The Texas Animal Health Commission has confirmed the first 2012 case of anthrax in an adult white-tailed deer near Uvalde. Otherwise, there is no domestic livestock involved at this time, said Dr. Dee Ellis, the state veterinarian.
It is not uncommon for anthrax to be diagnosed in livestock or wildlife in the Southwest part of the state. In recent years, cases have been primarily confined to a triangular area bounded by the towns of Uvalde, Ozona and Eagle Pass, which takes in portions of Crockett, Val Verde, Sutton, Edwards, Kinney, Uvalde and Maverick counties.
In 2005, a pocket on Sutton County’s southwest corner had an outbreak of cases (the first in 20 years) that included cattle, horses and deer, remembers Pascual Hernandez, Sutton County agriculture agent.
Anthrax is a bacterial disease caused by bacillus anthraces, which is a naturally occurring organism with worldwide distribution, including Texas.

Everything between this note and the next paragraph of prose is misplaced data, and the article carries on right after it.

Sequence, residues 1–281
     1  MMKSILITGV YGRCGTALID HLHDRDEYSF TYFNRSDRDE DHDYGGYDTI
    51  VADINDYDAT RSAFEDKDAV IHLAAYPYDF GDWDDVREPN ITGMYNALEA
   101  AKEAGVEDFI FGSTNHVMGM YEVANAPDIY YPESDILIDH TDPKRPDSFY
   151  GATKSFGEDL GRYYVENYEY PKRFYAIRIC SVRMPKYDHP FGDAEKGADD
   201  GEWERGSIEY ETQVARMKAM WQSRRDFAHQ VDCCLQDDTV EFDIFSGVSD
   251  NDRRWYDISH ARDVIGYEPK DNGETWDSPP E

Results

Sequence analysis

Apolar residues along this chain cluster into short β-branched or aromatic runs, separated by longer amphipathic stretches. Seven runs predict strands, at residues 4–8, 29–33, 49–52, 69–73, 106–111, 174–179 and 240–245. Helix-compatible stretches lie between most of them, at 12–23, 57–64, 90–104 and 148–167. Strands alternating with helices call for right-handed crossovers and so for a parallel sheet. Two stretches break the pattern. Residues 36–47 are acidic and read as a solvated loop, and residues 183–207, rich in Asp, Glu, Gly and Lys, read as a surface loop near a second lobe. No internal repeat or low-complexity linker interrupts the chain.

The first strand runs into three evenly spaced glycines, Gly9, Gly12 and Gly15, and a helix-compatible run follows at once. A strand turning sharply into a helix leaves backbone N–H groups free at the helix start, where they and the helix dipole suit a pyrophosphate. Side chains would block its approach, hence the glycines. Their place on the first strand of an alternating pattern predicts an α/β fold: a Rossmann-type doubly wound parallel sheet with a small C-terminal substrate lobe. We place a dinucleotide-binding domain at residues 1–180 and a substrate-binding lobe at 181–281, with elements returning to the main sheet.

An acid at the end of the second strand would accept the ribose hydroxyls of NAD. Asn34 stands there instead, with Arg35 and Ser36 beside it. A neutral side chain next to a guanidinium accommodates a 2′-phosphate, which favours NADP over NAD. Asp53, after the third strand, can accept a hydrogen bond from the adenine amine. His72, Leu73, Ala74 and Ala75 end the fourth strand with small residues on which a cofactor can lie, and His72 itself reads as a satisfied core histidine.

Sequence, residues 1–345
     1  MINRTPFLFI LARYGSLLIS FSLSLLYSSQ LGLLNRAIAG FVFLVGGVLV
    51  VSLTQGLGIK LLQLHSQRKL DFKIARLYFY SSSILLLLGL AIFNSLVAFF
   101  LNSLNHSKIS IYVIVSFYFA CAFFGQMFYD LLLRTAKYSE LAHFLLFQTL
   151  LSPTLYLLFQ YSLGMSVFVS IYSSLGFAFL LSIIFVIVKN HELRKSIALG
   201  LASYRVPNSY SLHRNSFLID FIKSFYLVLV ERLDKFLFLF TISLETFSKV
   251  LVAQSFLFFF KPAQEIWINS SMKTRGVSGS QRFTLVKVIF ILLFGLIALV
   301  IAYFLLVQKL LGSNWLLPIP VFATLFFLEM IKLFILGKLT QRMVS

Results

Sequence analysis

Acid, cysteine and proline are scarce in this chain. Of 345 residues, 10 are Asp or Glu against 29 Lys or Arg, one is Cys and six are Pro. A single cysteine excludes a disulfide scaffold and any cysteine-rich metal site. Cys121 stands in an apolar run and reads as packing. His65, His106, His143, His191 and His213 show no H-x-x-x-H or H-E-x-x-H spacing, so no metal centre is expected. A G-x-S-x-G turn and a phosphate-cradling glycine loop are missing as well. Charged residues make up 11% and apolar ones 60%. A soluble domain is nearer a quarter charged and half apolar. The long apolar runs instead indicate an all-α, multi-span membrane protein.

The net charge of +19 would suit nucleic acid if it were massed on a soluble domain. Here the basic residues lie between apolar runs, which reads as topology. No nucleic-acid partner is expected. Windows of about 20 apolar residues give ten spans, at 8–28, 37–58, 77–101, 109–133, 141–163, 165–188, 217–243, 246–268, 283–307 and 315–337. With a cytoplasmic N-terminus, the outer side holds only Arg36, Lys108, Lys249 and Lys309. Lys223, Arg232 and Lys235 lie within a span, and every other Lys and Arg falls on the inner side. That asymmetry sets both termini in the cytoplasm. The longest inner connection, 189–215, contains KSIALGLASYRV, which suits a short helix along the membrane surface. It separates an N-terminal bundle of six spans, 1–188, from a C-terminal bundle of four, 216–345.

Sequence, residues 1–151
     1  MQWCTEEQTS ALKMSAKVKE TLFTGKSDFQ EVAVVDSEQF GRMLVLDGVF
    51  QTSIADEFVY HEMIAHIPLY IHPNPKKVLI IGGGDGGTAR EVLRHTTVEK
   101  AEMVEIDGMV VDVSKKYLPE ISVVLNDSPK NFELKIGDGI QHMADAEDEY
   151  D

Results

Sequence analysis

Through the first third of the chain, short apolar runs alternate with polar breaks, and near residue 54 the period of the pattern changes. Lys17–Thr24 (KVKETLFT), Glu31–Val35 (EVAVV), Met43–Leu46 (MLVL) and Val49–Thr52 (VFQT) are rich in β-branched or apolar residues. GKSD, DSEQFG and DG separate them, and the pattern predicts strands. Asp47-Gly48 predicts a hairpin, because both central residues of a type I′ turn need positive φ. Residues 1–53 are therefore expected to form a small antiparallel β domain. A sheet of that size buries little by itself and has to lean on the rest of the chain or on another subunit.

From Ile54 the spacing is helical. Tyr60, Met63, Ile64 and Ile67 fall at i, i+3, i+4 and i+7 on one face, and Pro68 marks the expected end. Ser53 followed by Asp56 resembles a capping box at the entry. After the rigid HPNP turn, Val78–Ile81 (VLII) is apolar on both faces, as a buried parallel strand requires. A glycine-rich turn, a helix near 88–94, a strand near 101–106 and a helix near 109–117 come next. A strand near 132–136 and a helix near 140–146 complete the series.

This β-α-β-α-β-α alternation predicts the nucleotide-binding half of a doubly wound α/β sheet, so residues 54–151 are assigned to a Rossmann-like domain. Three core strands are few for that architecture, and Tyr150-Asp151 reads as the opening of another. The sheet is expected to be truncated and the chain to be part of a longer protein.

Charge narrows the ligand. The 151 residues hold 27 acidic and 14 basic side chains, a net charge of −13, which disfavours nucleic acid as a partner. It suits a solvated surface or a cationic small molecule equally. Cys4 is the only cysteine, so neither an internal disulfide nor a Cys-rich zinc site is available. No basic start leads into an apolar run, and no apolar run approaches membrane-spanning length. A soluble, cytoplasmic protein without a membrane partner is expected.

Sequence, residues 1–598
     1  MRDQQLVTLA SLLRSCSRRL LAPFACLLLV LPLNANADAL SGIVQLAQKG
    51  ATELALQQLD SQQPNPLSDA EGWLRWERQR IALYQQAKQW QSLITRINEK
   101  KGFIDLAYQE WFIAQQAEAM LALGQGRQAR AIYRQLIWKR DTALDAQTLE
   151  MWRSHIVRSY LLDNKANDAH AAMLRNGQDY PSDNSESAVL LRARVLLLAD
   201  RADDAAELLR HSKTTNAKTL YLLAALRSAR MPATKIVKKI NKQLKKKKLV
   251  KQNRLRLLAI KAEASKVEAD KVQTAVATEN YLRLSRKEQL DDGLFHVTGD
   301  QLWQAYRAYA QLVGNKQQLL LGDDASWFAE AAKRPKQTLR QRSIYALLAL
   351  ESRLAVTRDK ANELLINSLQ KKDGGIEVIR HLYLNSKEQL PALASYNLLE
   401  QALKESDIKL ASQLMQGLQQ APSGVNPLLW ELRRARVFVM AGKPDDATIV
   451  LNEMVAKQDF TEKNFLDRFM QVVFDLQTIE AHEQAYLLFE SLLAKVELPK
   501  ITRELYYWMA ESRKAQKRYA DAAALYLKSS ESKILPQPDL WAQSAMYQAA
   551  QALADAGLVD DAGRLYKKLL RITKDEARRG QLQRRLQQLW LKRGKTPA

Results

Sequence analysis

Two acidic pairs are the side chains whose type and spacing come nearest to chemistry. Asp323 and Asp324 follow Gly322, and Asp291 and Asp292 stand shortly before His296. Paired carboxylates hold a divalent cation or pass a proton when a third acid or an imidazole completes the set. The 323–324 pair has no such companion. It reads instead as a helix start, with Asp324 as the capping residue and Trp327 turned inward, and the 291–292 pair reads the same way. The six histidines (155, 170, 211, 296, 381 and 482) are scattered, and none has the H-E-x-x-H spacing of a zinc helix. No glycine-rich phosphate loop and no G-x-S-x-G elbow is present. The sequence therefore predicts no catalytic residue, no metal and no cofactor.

The anthrax bacterium lies dormant in the ground, and germination is triggered by appropriate moisture and warmth.
As the bacteria migrate to the surface, it contaminates grass and soil, where it is picked up by grazing animals.
Also bad this year are ticks, warns Pete Teel, a College Station entomologist.
“Of all the creepy-crawlies Texans live among, ticks are the worst when it comes to the health issues of man and beast,” Teel said. “This year is shaping up to be one of the worst ever for ticks.”
He said the record heat and drought last year, followed by rains over much of the populated parts of the state this year, are the perfect recipe for tick encounters.
Speaking of creepy-crawlies, let’s not forget about the slithering critters. There seems to be a population explosion of rattlesnakes this year.